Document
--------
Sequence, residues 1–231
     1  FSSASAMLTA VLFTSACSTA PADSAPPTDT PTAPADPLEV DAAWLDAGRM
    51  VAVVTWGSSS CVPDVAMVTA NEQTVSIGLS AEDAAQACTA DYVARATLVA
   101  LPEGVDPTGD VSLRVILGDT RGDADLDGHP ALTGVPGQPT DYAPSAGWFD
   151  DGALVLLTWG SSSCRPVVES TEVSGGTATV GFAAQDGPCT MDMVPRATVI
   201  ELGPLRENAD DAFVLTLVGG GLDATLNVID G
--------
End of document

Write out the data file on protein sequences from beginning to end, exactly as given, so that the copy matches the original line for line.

Sequence, residues 1–231
     1  FSSASAMLTA VLFTSACSTA PADSAPPTDT PTAPADPLEV DAAWLDAGRM
    51  VAVVTWGSSS CVPDVAMVTA NEQTVSIGLS AEDAAQACTA DYVARATLVA
   101  LPEGVDPTGD VSLRVILGDT RGDADLDGHP ALTGVPGQPT DYAPSAGWFD
   151  DGALVLLTWG SSSCRPVVES TEVSGGTATV GFAAQDGPCT MDMVPRATVI
   201  ELGPLRENAD DAFVLTLVGG GLDATLNVID G